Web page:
June is shaping up to busier than one might expect. But first here’s one last announcement for May. On the 22nd B-Exalted have a choral concert at the Church of St. Mary Magdalene at 8pm. Soloists are Dallas Chorley, soprano; Rebecca Gray, alto; Charles Davidson and David Walsh, tenors, and Janaka Welihinda, bass. More details here.
And so to June itself. There are two items of interest on June 1st. At Hart House Theatre at 2pm there’s a performance of Charlotte: A Tri-Coloured Play with Music before it leaves for a tour of Ukraine, the Czech Republic and Israel. I’m curious to see how it’s developed since we saw a version that was still rather WIP in June 2017. Later, at 8pm at St. Thomas Anglican Church there’s the latest in the Confluence Series. This one is titled At the River and features, among others, Larry Beckwith, Dylan Bell, Ian Cusson, James Meade, Marion Newman, Patricia O’Callaghan, Suba Sankaran, Jacqueline Teh and Giles Tomkins. This has become a “don’t miss” series.
… plus a late March addition…
March 29th and 30th Tapestry are doing the Songbook thing again. This is the show where an established singer; Jacqueline Woodley this time, works with emerging artists and a pianist (Andrea Grant) plus director Michael Mori to create a show based on Tapestry’s back catalogue. There are three shows at the Ernest Balmer Studio in the Distillery; Friday at 8pm and Saturday at 4pm and again at 8pm.
The main event in last night’s programme at the TSO was the first act of Die Walküre in concert performance but it was preceded by The Ride of the Valkyries and, more substantially (if not louder) Berg’s Three Pieces for Orchestra Op.6. It’s an interesting piece; post tonally expressionist with obvious homages to both Wagner and, especially, Mahler. Sir Andrew gave it one of the best introductions of the kind that I have heard; situating it not just in the Viennese musical lineage but also drawing helpful parallels with the visual arts; Klimt, Kokoschka etc. He also produced a reading of great clarity from the orchestra. It’s easy for a big piece of this kind to dissolve into a sort of aural mush and thereby give the “I don’t like this modern stuff” crowd ammunition that it’s just “noise”. Here the various strands, the references and even the musical jokes of the three movements were clearly delineated. Lovely stuff.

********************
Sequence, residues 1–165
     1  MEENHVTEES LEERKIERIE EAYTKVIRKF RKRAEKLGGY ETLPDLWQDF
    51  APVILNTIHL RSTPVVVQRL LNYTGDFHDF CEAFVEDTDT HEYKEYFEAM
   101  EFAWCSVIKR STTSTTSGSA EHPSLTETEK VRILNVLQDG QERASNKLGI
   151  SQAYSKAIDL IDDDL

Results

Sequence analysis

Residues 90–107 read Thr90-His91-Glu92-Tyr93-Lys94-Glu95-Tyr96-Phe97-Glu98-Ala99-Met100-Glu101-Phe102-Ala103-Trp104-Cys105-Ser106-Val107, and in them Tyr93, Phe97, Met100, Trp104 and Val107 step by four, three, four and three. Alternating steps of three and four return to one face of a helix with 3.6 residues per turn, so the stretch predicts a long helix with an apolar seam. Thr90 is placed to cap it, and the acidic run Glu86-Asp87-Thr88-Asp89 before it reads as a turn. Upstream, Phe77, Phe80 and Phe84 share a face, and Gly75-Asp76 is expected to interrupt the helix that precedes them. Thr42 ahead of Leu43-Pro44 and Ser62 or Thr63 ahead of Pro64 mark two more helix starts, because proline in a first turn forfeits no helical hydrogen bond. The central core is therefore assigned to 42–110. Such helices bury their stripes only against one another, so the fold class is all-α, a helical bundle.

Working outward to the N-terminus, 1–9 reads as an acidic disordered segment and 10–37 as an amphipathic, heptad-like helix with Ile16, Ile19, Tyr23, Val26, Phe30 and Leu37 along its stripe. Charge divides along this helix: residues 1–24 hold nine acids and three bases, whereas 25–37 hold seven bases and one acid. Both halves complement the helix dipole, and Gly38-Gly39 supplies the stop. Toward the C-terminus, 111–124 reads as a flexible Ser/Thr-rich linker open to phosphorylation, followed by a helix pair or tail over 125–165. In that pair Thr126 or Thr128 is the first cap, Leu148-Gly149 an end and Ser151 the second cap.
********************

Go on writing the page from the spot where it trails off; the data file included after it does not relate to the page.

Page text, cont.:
Those season announcements just keep on coming. This time it’s the TSO. Here are my top picks.
- Dynamic Duo: Hannigan & Storgårds – September 19th and 20th 2019. Barbara Hannigan conducts John Storgårds in Dutilleux’s Sur le même accord for Violin and Orchestra. He conducts her in Brett Dean’s “And once I played Ophelia” from Hamlet. There’s also some Beethoven, Haydn and Sibelius.
- Massenet’s Thaïs (in concert) – November 7th and 9th 2019. Sir Andrew Davis conducts with Erin Wall in the title role and Lucas Meachem as Athanaël. Not a huge fan of this piece myself but I know there are Massenet fans out there.
- Handel’s Messiah (in the Mozart arrangement) – December 17th to 22nd 2019. Alexander Shelley of the NACO conducts with Jane Archibald, Emily D’Angelo, Isaiah Bell, Russell Braun and the Toronto Mendelssohn Choir.
- Mozart’s Symphony No. 39, K. 543 and Requiem, K. 626 – January 15th to 18th 2020. Sir Andrew Davis conducts with a vocal quartet from the Equilibrium Young Artists mentoring initiative, which I think is a Barbara Hannigan thing.
There’s also a ton of Beethoven. Apparently it’s a big anniversary. Full details here.
Here’s what’s coming up of note in the next few weeks.
There are some interesting things coming up at the UoT Faculty of Music. On January 17th at 7.30pm there’s an opera double bill in Walter Hall featuring Toshio Hosokawa’s The Raven and The Maiden from the Sea (Futari Shizuka). Kristina Szabó features in the first piece with Xin Wang in the second.
The composer conducts. See Wallace’s comment below for more information. Then at 2.30pm on January 20th in the MacMillan there’s the Student Opera Collective show. The libretto, as ever, is by Michael Patrick Albano. This time it’s a black comedy whodunnit about the death of Adriana Lacouvreur.
There’s much to like in this year’s unfussy TSO Messiah. It’s not bloated. For most of the piece conductor Johannes Debus deploys around thirty strings, chamber organ, harpsichord, oboes and bassoon. Trumpets and timpani are added for the grand moments later in the piece. He even manages to get quite a delicate sound out of the largish (100+) Toronto Mendelssohn Choir. The delicacy is a recurrent thread. That and a really bouncy sense of rhythm. One could dance to Debus’ Handel.
So one thing can be guaranteed in December; lots of Messiah. This year I have four on the radar. There’s the TSO of course. This year Johannes Debus conducts with soloists Claire de Sévigné, Allyson McHardy, Andrew Haji and Tyler Duncan. One might almost have expected the COC Chorus but actually it’s the Toronto Mendelssohn Choir in the loft. That one runs December 18th, 19th, 21st and 22nd at 8pm and the 23rd at 3pm. Roy Thomson Hall of course. Over at Tafelmusik, it’s Ivars Taurins with Sherezade Panthaki, Krisztina Szabó, Charles Daniels and Drew Santini plus, of course, the Tafelmusik Chamber Choir. That’s on December 18th, 19th, 20th and 21st at Koerner Hall at 7.30pm. The Sing-a-Long version is at Roy Thomson Hall at 2pm on the 22nd. There’s also a workshop on the 8th at 2pm at Eglinton St. George’s United Church.